Hello HIPAA Gang! Do you remember the HIPPOs everyone gave out when HIPAA was brand new? Well, Mama Hippo just gave birth to a new little Hippo, a new HIPAA Final Rule on January 6, 2015 … at least this one did not complicate the holidays of 2015.
This rule, as usual, has an elaborate name; it is Health Insurance Portability and Accountability Act (HIPAA) Privacy Rule and the National Instant Criminal Background Check System (NICS) final rule. Of course, the industry already has a nickname for it – the gun check rule! It really is the FBI check on whether or not an individual who wants to purchase a firearm from a federally licensed vendor is not someone who is mentally ill.
The new HIPAA final rule is effective on February 5, 2016. This means that if your organization is a covered entity that cares for mentally ill patients, you will need to understand all the nuances of the new rule and be ready to report to the NICS if necessary.
So the nitty-gritty is as follows:
- The HIPAA Privacy Rule is being added section 512: Uses and disclosures for which an authorization or opportunity to agree or object is not required (k) Standard: Uses and disclosures for specialized government functions, (7) National Instant Criminal Background Check System.
- Covered entities may do or not do the following:
- If a covered entity orders involuntary commitments or make other adjudications regarding an individual’s mental health, or that serve as repositories of the relevant data, are permitted to use or disclose the information needed for NICS reporting of such individuals either directly to the NICS or to a State repository of NICS data.
- If a covered health care entity also has a role in the relevant mental health adjudications or serves as a State data repository, it now may disclose the relevant information for NICS reporting purposes under this new permission even if it is not designated as a HIPAA hybrid entity or required by State law to report.
- It does not create an express permission for covered entities to disclose for NICS reporting purposes the PHI of individuals who are subject to State-only mental health prohibitors.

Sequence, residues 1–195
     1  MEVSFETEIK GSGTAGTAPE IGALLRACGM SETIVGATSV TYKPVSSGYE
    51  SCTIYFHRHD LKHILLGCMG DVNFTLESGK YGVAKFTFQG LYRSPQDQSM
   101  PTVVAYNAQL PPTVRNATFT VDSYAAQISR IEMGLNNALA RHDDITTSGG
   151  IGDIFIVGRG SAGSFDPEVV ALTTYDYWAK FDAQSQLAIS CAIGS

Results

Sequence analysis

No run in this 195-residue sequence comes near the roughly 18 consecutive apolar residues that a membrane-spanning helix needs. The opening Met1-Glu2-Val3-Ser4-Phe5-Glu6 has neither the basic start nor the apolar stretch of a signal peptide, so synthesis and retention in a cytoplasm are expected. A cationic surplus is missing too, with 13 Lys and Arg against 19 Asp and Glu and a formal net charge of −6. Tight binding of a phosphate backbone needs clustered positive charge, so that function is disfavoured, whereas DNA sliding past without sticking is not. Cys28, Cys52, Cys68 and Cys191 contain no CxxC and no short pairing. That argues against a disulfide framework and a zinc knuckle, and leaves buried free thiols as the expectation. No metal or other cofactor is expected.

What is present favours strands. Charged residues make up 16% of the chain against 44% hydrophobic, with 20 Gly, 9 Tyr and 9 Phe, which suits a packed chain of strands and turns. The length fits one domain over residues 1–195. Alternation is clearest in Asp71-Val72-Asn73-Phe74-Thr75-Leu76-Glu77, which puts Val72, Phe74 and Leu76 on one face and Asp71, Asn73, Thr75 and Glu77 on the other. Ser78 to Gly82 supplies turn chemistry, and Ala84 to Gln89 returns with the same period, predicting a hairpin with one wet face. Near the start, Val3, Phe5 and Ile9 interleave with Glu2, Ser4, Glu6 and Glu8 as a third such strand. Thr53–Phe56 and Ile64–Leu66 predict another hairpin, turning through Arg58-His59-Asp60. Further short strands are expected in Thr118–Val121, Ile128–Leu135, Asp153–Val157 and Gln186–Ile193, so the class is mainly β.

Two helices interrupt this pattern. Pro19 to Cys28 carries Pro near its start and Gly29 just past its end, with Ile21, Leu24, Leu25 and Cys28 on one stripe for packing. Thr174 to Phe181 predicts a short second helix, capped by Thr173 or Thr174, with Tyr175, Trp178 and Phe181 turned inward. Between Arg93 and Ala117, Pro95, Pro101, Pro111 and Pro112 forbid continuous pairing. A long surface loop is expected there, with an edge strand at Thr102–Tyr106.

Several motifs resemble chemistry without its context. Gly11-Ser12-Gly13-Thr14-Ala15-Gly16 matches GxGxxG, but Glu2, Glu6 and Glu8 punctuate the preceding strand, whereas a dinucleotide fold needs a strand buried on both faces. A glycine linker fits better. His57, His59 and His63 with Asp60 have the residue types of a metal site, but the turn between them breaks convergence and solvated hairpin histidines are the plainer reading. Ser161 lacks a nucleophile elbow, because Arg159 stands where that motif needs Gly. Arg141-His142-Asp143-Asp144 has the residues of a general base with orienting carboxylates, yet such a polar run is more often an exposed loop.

If you are one of the covered entities that must report to the NICS the preamble states that you must report the data elements that the NICS needs to create a record plus there more that you are permitted to share with NICS.
The data elements needed to create the NICS record are:
- The individual’s name
- The individual’s sex
- The individual’s date of birth
- The Federal mental health prohibitor
- The record documenting the involuntary commitment or adjudication, and
- The entity from which the record initiated, in other words your business name.
The additional data elements you may send include:
- The individual’s Social Security number
- The individual’s State of residence
- The individual’s height
- The individual’s weight
- The individual’s place of birth
- The individual’s eye color
- The individual’s hair color, and
- The individual’s race.
These additional data elements will help the feds weed out false positives.
One last thought, the new section in the HIPAA Privacy rule does not name any data elements outlined above. This gives the reporting covered entity the flexibility to report the data elements required and requested by the feds and any state requirements your state may have for this area.
Your reporter, Sue Miller, has a 10-page memorandum explaining the new HIPAA final rule in depth. You may purchase it from her at firstname.lastname@example.org or 978-505-5660.
 Federal mental health prohibitor makes individuals ineligible to purchase a firearm because they have been “committed to a mental institution” or “adjudicated as a mental defective.”
DOJ regulations define these categories to include persons who:
- Have been involuntarily committed to a mental institution for reasons such as mental illness or drug use;
- Have been found incompetent to stand trial or not guilty by reason of insanity; or
- Otherwise have been determined by a court, board, commission, or other lawful authority to be a danger to themselves or others or unable to manage their own affairs, as a result of marked subnormal intelligence, or mental illness, incompetency, condition, or disease.